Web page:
When parental money lessons backfire (or, How my daughter won a toy)(Read article summary)
Parents should let children try and fail with their spending money. Sometimes, the lessons backfire.
Steve K. Zylius/The Orange County Register/Newscom/File
As I’ve mentioned before, we give our children a small allowance each week. Our daughter, who is only two, puts all of her money into a single-slot piggy bank and is allowed to fully spend it as she chooses. Our son gets more money for his allowance (for now), but has a Money Savvy Pig, where he splits his allowance into four equal parts: money to freely spend, money to save for an item he wants, money for an annual charitable gift, and money for investing for the long term.
The idea here, though, is that each of them has a few quarters to spend each week on whatever they would like. Most of the time, they spend it on reasonable kid things – they both have a strong affection for M&Ms, for example, and often buy M&Ms with their quarters.
This week, however, was different. We were dining at a restaurant that had one of those carnival-esque “claw” machines near the exit, where you use a stick to maneuver a claw around, then hit a button to have the claw drop into a pit of stuffed animals or other toys. Almost always, the claw is unable to pick any of the items up, so you simply lose the money you put in there.
We’ve warned our kids about these machines in the past. “If you put your money in there, you’ll just lose it and not get anything for it.” “Those machines are rip-offs.”
However, we are also committed to letting our children make their own choices about their free-spending money. Thus, as we were leaving with our children, they asked if they could use their spending money in the claw machine. After a quick warning about the nature of the machine, we allowed them to, assuming it would teach them a quick, simple lesson about disappointment and how things like this actually work.
Of course, my two year old daughter won a stuffed animal on her first try.
Of course, my four year old son won a stuffed animal on his second try.
Obviously, the lesson learned from this situation is the opposite of what we hoped they would take from it. My son, in fact, has already told us that this is now his favorite restaurant and he can’t wait to go back to get another stuffed animal, implying (of course) that it’s trivial to get a stuffed animal from such a machine.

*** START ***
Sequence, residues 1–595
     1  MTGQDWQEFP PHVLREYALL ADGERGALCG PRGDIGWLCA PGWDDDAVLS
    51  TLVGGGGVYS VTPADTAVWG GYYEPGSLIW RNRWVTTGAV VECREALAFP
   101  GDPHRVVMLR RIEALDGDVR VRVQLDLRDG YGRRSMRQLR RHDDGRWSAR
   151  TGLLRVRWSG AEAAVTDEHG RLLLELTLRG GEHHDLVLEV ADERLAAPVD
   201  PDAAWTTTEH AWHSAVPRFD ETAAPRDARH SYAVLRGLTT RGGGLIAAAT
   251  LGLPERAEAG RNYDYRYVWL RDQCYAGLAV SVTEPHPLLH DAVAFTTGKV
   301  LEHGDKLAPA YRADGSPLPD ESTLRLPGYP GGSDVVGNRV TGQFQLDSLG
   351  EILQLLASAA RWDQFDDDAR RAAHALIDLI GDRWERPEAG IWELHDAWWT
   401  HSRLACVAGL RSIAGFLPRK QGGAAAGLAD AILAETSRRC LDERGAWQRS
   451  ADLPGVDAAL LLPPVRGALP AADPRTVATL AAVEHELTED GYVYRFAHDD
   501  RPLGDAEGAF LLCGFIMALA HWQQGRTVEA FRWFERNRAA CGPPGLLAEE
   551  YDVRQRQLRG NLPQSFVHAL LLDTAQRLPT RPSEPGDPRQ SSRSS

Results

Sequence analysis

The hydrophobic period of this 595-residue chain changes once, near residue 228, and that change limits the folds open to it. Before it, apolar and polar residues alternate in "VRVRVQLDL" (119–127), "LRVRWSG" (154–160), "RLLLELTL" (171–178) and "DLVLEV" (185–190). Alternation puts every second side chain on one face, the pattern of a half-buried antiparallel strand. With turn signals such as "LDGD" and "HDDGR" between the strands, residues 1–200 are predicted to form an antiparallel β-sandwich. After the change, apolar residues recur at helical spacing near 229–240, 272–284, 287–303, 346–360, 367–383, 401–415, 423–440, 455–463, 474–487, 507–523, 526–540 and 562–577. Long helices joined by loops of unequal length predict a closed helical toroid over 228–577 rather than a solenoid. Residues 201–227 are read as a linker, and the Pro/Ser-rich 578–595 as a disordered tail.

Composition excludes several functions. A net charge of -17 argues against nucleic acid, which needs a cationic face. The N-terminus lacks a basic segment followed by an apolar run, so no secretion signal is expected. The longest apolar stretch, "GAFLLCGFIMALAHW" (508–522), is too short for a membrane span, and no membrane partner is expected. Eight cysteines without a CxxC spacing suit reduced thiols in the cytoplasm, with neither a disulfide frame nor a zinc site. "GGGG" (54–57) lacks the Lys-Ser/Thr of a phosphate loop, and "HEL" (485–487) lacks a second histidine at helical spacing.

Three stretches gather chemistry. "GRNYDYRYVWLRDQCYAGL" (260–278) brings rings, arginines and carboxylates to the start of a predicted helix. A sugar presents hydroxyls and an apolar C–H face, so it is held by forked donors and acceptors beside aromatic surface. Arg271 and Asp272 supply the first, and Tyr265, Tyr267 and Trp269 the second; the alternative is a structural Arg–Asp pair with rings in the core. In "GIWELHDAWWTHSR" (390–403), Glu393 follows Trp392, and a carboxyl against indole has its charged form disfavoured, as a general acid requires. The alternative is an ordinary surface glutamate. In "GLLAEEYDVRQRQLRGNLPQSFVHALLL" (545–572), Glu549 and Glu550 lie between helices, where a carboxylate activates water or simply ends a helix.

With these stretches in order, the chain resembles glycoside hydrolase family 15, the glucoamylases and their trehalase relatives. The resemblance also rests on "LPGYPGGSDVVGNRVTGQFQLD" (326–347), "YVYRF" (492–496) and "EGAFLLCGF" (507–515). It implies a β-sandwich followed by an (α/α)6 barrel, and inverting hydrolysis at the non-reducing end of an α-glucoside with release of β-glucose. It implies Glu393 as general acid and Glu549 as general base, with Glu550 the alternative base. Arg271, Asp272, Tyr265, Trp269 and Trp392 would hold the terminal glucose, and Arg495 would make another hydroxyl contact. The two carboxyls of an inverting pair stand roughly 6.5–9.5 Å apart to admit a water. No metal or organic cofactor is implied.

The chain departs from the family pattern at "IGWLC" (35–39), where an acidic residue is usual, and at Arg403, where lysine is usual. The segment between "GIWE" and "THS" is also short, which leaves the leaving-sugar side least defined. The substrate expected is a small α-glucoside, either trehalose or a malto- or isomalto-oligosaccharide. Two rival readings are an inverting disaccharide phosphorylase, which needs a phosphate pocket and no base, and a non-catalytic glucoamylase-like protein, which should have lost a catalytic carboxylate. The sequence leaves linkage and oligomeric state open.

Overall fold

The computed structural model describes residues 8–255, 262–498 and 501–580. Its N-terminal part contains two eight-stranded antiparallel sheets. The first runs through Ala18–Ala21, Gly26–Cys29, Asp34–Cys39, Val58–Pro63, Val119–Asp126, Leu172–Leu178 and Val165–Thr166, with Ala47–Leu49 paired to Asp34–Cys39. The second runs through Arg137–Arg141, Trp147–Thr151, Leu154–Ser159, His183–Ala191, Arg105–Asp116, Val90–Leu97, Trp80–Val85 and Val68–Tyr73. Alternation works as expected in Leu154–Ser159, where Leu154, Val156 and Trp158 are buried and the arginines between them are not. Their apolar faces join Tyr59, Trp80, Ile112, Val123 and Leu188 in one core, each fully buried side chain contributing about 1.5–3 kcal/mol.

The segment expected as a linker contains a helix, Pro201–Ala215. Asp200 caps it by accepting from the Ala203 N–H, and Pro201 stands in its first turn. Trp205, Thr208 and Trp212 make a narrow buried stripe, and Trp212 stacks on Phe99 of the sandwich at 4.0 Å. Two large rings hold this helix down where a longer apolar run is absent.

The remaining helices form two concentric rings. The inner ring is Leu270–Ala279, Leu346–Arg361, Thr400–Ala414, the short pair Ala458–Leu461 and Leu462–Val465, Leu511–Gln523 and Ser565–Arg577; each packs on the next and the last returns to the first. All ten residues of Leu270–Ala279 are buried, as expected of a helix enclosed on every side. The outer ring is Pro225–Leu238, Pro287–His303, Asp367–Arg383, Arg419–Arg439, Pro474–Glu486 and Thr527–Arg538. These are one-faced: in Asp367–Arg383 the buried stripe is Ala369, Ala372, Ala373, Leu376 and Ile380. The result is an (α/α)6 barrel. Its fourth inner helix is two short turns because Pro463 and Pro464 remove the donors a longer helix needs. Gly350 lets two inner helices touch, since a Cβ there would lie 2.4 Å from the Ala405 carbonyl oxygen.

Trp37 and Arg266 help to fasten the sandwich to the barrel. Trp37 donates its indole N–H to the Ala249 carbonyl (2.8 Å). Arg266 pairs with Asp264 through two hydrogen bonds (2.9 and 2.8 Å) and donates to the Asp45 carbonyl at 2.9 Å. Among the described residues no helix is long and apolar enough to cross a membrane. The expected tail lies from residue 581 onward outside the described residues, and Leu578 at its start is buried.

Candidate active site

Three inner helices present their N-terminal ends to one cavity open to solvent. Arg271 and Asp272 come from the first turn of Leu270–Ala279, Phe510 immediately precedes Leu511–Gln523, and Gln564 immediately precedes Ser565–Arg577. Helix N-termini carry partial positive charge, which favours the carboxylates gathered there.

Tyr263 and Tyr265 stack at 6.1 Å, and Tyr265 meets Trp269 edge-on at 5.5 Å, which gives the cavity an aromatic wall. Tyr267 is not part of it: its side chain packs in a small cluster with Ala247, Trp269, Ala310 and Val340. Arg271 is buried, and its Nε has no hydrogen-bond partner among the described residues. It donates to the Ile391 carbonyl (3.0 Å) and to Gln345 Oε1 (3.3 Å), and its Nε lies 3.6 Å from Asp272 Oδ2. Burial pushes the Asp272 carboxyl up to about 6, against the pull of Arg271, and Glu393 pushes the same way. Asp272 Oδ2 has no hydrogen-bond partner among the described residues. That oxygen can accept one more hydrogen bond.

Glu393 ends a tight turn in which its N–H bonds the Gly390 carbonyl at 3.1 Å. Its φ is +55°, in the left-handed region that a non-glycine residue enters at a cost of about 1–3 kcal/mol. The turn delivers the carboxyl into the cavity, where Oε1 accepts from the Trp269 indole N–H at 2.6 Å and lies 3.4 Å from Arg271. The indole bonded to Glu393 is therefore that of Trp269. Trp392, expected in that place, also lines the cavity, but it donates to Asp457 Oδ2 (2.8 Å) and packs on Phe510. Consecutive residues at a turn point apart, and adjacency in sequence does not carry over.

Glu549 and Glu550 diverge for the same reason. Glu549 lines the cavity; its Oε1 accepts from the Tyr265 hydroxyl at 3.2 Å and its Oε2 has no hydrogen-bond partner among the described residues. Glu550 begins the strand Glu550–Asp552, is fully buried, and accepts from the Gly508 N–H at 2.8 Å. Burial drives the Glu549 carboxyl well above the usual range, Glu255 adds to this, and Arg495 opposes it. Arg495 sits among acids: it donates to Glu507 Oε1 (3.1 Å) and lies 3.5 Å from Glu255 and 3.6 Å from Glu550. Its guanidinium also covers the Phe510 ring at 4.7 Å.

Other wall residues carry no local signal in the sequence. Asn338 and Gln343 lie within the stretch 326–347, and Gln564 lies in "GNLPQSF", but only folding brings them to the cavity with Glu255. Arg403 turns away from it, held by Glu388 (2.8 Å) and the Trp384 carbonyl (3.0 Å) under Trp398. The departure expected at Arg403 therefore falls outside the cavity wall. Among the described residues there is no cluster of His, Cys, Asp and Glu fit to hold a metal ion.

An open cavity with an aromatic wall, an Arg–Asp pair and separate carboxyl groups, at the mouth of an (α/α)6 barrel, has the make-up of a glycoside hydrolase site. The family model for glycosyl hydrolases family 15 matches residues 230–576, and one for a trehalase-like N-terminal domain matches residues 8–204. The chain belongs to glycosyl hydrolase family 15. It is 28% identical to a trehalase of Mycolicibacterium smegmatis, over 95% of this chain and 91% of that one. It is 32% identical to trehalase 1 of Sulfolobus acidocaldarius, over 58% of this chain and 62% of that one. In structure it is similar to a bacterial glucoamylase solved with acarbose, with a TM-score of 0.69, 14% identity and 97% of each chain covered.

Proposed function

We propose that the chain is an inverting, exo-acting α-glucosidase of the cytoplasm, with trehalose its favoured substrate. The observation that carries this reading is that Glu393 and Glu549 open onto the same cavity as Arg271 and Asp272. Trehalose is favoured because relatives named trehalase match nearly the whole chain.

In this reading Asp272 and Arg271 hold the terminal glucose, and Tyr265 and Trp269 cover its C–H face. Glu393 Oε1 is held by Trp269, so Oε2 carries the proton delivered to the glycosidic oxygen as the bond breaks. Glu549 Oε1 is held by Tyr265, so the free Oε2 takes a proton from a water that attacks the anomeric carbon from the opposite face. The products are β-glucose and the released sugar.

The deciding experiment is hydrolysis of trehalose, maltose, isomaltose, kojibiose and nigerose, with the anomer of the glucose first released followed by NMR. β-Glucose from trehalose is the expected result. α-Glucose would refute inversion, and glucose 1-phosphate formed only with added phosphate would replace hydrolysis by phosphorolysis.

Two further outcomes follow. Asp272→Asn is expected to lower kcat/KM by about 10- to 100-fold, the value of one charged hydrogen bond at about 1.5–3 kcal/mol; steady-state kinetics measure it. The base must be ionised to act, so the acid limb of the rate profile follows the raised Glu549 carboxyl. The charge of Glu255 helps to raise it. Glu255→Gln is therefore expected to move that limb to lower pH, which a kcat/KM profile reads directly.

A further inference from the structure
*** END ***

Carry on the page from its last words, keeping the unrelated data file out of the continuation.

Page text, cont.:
Where do we go from here? My wife and I talked about it and came up with the following conclusions that we feel are in line with the money lessons we want to teach our kids.
If they wish to try again with their “free spending” money, we won’t stop them. How you choose to spend money – and what you get out of it – is a constant lesson in itself. Putting restrictions on the portion of their allowance that they’re allowed to spend freely (at least at this point) defeats the learning (even if sometimes the learning isn’t perfect).
We’ll still advise them of potential poor spending choices. Of course, just because they’re allowed to freely spend doesn’t mean we don’t offer suggestions to them about what’s a good spending choice and what’s a bad spending choice. We try to avoid drawing conclusions, but we do try to provide information. We focus on saying things like, “If you put your money in this machine and it doesn’t win a toy, that money is simply gone – you’ll get nothing for it.”
We won’t “avoid” such machines in the future. One topic was whether or not we should actively strive to avoid “claw” machines for a while until they forget that they won. Of course, doing so simply delays the inevitable lesson that they’ll have to learn from such machines, so we decided not to avoid such machines.
We will never recompensate them for their lost money in such machines. When they try again and inevitably lose, we will allow them to feel the sting of disappointment and not undo that sting by reimbursing their money, as we’ve observed other parents do in the past. They have the freedom to spend their money as they choose, and they also have the freedom to lose it and to grow from the lessons they learn.
Still, I have to say I was honestly amazed when my two year old daughter moved the claw around jerkily for a few seconds, smashed the button, and was rewarded with a cute little stuffed animal. I honestly believe I could have played the machine for an hour and not won a single thing.
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